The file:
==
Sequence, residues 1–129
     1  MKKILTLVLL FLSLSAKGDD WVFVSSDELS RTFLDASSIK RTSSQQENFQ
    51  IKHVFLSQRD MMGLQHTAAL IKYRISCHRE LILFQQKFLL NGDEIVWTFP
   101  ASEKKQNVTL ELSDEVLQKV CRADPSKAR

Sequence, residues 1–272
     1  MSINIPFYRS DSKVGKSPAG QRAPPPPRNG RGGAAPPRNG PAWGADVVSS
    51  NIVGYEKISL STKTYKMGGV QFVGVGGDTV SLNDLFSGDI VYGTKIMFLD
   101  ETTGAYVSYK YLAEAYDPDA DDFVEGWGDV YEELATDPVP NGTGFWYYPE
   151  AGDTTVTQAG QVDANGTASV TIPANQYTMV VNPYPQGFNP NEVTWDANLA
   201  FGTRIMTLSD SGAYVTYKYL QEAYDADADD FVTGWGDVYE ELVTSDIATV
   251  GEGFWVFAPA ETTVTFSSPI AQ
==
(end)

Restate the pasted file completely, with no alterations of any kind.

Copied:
Sequence, residues 1–129
     1  MKKILTLVLL FLSLSAKGDD WVFVSSDELS RTFLDASSIK RTSSQQENFQ
    51  IKHVFLSQRD MMGLQHTAAL IKYRISCHRE LILFQQKFLL NGDEIVWTFP
   101  ASEKKQNVTL ELSDEVLQKV CRADPSKAR

Sequence, residues 1–272
     1  MSINIPFYRS DSKVGKSPAG QRAPPPPRNG RGGAAPPRNG PAWGADVVSS
    51  NIVGYEKISL STKTYKMGGV QFVGVGGDTV SLNDLFSGDI VYGTKIMFLD
   101  ETTGAYVSYK YLAEAYDPDA DDFVEGWGDV YEELATDPVP NGTGFWYYPE
   151  AGDTTVTQAG QVDANGTASV TIPANQYTMV VNPYPQGFNP NEVTWDANLA
   201  FGTRIMTLSD SGAYVTYKYL QEAYDADADD FVTGWGDVYE ELVTSDIATV
   251  GEGFWVFAPA ETTVTFSSPI AQ